Theatre Critic and Journalist

Review: Plonter, Barbican Pit Theatre

Review: Plonter, Barbican Pit Theatre

Written for Culture Wars, 06.02.2009

Unsurprisingly, given recent events in Gaza, Plonter’s force resides in its sheer urgency. The title means ‘tangle’ in Hebrew and The Cameri Theatre of Tel Aviv offer a range of perspectives – human, political, satirical – that, together, give the sense of an ever-tightening and increasingly muddled knot. Rather than the calm rationality required to unpick the problems, the company suggest a quickfire impatience that serves only to confound them. The snapshots and sketches form a retrospective cycle of violent retribution where bloodshed leads only to bloodshed and an eye for an eye is no longer enough, making Plonter a damning indictment of spiralling short-sightness.

Though Plonter offers no solutions itself, it brims with glimpsed details ignored by international journalism and a fuzzy sense of the everyday existence. To get inside the auditorium, you must pass through a checkpoint at which identification is required, only to be confronted by stark, concrete slabs obscuring the entire stage. In playing the locked territorialism through the miniature conflicts occurring in its midst, the company place a very human mask on the politics. Family dinners bubble into riots, soldiers terrorise children and bus journeys are punctuated by paranoia – it is enough to coax an activist anger out of the most apolitical audient.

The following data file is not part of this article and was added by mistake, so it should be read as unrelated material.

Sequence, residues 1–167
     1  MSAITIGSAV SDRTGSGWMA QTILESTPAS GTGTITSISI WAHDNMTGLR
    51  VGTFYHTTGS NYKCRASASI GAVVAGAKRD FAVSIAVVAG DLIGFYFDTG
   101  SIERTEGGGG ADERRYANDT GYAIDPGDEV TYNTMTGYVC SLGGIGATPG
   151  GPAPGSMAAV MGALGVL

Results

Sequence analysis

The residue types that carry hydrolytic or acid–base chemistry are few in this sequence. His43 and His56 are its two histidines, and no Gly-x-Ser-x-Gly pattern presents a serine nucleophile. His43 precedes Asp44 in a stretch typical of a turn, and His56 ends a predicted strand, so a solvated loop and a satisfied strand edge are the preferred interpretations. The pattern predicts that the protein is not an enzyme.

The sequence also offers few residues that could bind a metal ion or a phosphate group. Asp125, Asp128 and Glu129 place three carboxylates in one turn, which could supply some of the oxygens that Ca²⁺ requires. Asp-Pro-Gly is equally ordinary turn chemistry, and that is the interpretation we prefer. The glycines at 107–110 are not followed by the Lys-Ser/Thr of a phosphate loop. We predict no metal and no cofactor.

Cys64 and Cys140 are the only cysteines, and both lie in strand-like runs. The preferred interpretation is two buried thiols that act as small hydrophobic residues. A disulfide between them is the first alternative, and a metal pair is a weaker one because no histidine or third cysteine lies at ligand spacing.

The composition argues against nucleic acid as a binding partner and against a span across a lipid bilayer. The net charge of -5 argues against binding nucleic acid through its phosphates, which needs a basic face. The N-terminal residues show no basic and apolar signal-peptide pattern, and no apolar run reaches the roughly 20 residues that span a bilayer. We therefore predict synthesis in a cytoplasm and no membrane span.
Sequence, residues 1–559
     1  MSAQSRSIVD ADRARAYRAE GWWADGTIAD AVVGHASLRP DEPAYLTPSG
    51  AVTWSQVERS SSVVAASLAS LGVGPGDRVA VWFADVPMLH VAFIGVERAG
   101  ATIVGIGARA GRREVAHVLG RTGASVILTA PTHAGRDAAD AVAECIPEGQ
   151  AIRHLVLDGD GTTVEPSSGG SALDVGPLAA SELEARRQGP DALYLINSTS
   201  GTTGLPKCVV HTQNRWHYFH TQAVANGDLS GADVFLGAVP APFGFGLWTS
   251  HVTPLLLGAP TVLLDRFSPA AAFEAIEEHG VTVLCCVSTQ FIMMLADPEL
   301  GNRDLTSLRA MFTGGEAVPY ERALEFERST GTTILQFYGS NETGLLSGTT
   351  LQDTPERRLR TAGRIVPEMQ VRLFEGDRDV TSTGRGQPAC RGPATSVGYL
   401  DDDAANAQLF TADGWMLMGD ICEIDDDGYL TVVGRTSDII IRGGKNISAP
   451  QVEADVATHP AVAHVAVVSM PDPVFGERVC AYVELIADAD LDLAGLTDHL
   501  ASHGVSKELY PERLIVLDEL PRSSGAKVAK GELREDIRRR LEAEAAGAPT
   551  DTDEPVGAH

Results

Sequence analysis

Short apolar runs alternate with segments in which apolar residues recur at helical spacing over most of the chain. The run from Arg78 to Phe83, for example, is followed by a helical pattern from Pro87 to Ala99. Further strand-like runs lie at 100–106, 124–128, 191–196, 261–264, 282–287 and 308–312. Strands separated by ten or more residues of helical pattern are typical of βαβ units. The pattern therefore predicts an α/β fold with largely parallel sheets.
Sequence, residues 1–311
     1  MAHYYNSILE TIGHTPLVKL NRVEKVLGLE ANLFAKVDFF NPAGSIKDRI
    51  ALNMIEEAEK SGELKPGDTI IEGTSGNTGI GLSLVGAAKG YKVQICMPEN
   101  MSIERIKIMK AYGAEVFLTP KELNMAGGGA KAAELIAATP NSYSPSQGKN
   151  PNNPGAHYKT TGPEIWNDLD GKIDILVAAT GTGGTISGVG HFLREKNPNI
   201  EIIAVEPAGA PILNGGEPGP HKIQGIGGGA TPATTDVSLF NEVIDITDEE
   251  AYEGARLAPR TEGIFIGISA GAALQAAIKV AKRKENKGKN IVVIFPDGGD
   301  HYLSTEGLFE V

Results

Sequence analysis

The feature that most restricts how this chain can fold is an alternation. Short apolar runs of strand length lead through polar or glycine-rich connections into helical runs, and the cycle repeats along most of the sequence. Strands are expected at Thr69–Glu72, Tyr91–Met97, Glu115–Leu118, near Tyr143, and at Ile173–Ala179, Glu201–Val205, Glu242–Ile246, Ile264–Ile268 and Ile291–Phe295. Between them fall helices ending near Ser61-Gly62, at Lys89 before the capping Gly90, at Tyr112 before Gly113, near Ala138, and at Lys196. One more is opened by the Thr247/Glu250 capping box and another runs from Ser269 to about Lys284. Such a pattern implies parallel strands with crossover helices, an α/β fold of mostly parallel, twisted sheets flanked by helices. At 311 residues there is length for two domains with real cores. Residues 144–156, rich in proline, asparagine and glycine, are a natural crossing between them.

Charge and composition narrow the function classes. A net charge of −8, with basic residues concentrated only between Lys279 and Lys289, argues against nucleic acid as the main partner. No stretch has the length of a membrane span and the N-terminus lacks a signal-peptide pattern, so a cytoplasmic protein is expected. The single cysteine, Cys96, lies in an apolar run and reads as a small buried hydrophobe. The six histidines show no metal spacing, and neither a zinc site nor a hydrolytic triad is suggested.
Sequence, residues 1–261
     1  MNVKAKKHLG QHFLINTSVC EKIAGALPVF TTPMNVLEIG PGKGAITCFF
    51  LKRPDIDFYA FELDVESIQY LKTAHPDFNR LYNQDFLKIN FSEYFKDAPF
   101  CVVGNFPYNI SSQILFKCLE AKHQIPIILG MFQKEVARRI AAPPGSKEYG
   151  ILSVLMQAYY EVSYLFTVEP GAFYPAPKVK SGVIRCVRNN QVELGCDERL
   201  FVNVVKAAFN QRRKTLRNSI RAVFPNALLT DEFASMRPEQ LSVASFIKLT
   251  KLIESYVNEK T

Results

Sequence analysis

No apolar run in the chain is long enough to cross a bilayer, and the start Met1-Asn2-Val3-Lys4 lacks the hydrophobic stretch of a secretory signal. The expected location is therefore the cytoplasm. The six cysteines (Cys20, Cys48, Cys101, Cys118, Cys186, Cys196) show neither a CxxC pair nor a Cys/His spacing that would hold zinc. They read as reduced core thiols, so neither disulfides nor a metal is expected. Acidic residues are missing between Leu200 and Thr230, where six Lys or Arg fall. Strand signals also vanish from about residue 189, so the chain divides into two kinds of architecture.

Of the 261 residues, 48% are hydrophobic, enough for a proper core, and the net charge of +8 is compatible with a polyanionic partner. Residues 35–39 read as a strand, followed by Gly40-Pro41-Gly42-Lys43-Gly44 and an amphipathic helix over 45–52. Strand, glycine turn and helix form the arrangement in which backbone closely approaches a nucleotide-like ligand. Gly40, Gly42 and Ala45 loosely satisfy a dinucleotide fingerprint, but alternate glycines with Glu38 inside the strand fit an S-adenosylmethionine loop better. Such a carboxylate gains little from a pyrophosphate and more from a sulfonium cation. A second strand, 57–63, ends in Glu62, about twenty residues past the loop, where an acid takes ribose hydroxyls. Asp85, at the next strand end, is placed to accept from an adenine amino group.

Yet, there is a peculiar hopelessness running through the scenes. In seeing the situation from either side, neither appears blameless and peace seems a distant impossibility. In spite of its fitful humour, the content almost becomes a nagging lament for human combustibility; a melancholy shrug at the stupidity of it all. This is, however, set in contrast by the event itself, devised and performed by a company made up of both Israelis and Palestinians. Difference dissolves on the stage, as Arabs play Jews and vice versa. Even the surtitles, in both Hebrew and Arabaic, as well as English, seem to blend into a shared language.

This lends a hint of the ridiculous that rears its head fully in the best sketch of the evening, in which a Palestinian house is divided by the barrier and its occupants forced to pass through a check point to use their bathroom and kitchen. The growing queue of family members faced by a young Israeli soldier begs the fundamental questions of ownership and control. What gives anyone the right? And, when a life lost is of less import than the bullet fired, does it really matter?

It may lack the magic and imagination of other offerings around at present but, with its weighty rootedness and pressing activism, Plonter has a power and drive seldom seen on the London stage. This is vocal soapbox theatre that demands attention.


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